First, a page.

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In & Out of the Kitchen: Trendy foods

By Mindy Howie
Tuesday, October 23, 2012

Dessert trends come and go so quickly these days, it seems, with today’s trendy treat becoming tomorrow’s ho-hum offering seemingly in the blink of an eye.

First there was the cupcake fad. While cupcakes have been around as long as anyone can remember, these single-serve snacks suddenly became the hottest thing around a few years back, with cupcake shops and trucks starting up left and right and innovators pushing the mere frosted cake to new extremes, from delicious to outrageous (Buffalo wing cupcakes, anyone?).

The cupcake shops look to be sticking around for a while, but as a fad cupcakes were handily replaced by their more petite cousin, the cake pop. For a while, cake pops were a novelty, gaining popularity about as much for their uniqueness as for their taste, but now they’ve become commonplace — when a food is added to the menu at Starbucks, you know the shine’s off that apple.

Now, you can even buy a cake pop maker, a waffle-iron-like device that bakes tiny balls of cake. Sure, that’s not at all how you actually make a cake pop, but it’s a ball, it’s cake, you can put it on a stick . . . eh, close enough, the makers of this device must have thought.

Easy to make

Incidentally, cake pops aren’t all that hard to make at home — bake up a cake (from scratch is great, but a boxed mix works fine, too), cool it and crumble it up in a bowl, then dump in a batch of frosting (or a tub of premade) and mix it up. Chill the mixture, then roll it into balls. Melt some chocolate or candy coating (they sell this stuff at most craft stores), dip the end of a stick into it, then shove that end into the ball of cake. Chill again, then dip the whole end of the pop into the melted coating and let dry — you can shove the bare stick ends into a block of Styrofoam to hold them upright, or if you don’t care about flat tops, plop them onto some waxed paper until hardened. Alternately, you can skip the sticks altogether, dip the balls in the coating, let them cool on waxed paper and call them cake balls or cake truffles.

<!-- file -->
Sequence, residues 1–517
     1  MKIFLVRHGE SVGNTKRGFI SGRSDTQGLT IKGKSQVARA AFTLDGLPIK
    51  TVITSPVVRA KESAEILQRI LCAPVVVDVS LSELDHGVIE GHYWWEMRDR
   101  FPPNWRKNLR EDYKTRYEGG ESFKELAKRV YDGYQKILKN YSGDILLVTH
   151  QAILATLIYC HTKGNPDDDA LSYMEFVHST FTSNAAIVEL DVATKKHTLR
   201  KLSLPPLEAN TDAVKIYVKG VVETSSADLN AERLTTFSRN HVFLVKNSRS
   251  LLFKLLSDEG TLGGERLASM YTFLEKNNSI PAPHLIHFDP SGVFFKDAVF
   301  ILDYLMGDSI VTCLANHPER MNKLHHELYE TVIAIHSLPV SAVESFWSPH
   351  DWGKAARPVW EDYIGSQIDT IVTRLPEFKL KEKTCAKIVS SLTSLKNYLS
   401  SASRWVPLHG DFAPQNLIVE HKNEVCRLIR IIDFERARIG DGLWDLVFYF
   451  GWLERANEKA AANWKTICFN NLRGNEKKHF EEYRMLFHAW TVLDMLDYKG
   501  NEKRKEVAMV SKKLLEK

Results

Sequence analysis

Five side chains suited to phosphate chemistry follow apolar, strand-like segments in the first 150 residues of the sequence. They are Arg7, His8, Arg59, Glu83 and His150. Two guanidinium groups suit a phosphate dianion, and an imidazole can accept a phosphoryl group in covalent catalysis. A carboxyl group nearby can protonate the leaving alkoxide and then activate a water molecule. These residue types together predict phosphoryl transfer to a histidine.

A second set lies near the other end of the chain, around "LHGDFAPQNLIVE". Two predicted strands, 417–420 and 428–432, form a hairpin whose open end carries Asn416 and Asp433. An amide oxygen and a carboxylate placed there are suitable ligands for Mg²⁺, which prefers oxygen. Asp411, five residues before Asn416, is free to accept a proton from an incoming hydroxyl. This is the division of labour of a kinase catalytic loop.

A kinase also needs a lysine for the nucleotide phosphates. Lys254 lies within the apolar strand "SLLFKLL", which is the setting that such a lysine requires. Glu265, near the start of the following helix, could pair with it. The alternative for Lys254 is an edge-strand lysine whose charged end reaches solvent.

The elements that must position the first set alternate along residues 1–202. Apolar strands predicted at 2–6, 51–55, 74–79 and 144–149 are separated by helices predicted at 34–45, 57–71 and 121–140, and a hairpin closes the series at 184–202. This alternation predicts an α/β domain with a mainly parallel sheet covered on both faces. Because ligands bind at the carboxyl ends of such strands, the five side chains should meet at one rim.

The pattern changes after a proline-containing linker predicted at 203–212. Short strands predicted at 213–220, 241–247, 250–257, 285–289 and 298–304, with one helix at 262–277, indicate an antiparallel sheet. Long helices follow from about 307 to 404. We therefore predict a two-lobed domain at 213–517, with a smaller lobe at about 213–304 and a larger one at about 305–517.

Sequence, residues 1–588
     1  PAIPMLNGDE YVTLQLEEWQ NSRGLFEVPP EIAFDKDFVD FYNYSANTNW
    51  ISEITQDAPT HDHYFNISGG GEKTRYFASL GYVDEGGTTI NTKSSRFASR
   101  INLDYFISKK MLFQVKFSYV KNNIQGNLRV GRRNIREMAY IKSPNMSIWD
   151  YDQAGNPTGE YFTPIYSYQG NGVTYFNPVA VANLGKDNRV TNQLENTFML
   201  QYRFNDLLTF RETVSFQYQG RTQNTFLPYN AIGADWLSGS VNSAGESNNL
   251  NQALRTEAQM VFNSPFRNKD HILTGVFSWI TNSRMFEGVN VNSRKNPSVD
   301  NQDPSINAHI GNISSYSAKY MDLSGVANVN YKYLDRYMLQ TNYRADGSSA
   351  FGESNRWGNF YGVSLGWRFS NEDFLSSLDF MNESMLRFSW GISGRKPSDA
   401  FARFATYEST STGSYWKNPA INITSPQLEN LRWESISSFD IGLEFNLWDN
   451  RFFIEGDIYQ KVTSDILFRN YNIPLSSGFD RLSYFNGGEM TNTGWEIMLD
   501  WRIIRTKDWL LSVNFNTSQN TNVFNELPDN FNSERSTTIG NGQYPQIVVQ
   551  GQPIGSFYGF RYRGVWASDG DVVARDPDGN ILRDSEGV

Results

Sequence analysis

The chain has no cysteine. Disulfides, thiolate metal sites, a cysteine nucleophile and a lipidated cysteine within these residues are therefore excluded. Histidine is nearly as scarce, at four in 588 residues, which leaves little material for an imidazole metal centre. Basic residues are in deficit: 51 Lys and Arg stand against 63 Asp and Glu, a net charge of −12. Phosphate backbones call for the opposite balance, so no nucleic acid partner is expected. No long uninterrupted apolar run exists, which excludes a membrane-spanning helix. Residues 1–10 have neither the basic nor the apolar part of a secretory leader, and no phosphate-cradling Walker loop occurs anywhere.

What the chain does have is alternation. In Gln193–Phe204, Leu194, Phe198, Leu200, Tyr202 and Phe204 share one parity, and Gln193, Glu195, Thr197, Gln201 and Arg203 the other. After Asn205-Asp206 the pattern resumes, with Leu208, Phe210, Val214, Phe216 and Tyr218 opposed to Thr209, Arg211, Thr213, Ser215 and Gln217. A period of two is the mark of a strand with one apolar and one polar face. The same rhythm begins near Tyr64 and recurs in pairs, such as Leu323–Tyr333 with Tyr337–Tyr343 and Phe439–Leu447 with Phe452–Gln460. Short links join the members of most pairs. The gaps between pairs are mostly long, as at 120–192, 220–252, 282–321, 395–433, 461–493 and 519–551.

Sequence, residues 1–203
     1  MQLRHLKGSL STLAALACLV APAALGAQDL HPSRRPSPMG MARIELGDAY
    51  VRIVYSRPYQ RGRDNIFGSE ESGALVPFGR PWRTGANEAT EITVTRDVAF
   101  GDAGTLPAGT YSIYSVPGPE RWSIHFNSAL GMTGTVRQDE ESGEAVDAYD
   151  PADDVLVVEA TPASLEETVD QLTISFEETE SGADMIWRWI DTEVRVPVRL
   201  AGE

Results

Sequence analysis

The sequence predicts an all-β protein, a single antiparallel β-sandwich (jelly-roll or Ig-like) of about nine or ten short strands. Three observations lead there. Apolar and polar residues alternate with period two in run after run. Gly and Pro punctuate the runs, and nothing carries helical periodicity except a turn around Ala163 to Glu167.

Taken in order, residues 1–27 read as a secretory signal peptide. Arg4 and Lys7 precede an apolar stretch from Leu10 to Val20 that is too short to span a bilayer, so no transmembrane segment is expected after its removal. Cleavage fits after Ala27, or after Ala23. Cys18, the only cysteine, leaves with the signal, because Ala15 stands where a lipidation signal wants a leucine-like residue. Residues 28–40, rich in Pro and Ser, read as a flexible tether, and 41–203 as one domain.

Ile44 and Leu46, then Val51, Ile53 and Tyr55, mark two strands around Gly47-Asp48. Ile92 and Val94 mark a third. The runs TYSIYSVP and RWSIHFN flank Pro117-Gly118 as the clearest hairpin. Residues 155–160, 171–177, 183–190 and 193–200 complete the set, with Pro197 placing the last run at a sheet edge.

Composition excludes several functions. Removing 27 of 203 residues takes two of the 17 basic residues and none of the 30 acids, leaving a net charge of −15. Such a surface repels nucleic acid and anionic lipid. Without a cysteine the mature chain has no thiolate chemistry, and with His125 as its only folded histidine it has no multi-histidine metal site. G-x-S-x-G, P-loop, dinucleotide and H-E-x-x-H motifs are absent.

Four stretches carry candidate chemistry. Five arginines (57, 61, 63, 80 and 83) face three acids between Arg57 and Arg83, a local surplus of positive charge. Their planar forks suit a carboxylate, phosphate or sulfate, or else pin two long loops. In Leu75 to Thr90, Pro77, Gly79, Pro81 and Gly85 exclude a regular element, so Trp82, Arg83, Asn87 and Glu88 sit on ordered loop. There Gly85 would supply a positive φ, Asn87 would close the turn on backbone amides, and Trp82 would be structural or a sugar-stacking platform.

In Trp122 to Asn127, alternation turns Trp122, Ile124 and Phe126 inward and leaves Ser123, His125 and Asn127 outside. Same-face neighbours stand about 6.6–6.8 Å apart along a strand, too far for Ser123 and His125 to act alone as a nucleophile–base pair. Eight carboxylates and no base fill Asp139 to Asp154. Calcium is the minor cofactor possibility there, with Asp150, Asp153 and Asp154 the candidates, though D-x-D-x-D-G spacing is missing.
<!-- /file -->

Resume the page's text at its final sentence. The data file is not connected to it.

With cake pops falling out of vogue, the pendulum swung toward fancier fare, and macarons stepped in to take their place. Macarons (with one o), not to be confused with macaroons, are a French treat, two meringue cookies with a filling sandwiched in between. They can be rather tricky to make at home, and they’re a bit precious, so they didn’t seem to catch on all that well everywhere, though you can find them sometimes in local bakeries and they’re all over the place in New York City. But they are very delicious, definitely worth a try if you can get your hands on fresh ones or want to try making your own from the abundance of recipes to be found online.

An old favorite

The macaron’s 15 minutes of fame seemed a bit shorter than that, and America then embraced something more common,

again, something a lot of people remember from their childhoods: the whoopie pie. Ah, here’s something we can all make at home! It’s a sandwiched treat like the macaron, but whoopie pies are made from two cakelike cookies with frosting in the middle — really they’re much like cupcakes, except in their form. Our area doesn’t seem to have reached saturation on this trend yet, though it’s already become passé in other areas and online, and, of course, the equipment-makers were quick to capitalize on the pies’ popularity, with special pans to bake them now available (though somewhat unnecessary).

Coconut comes on

So what’s next? The new dominant thing in desserts seems to be not a form but a flavor: coconut.

Oddly enough, this main ingredient in macaroons (that’s with two O’s, the familiar coconut cookies) seems to be everywhere these days. And people aren’t limiting themselves to just the shredded stuff you can buy in a bag, either. Coconut water is rich in potassium, and it’s being hyped as having a whole laundry list of health benefits, though some nutritionists dispute these claims. And coconut oil is a solid at room temperature, meaning that it can stand in for shortening or lard in recipes, as long as you don’t mind the finished product tasting a bit like coconut. It can be a vegan-friendly butter substitute as well.

Of course, one need not be too adventurous to participate in the latest trend. Shredded coconut can be good in cookie recipes, especially if you’re making something with coconut and caramel — Samoas aren’t a best-seller for the Girl Scouts for no reason, after all. Coconut also pairs well with other tropical flavors; try putting some in your next batch of banana bread, or make a basic butter cookie dough and mix in some coconut and chopped macadamia nuts. And you can’t go wrong with a classic coconut cake, its white frosting coated in sweet shreds.

 
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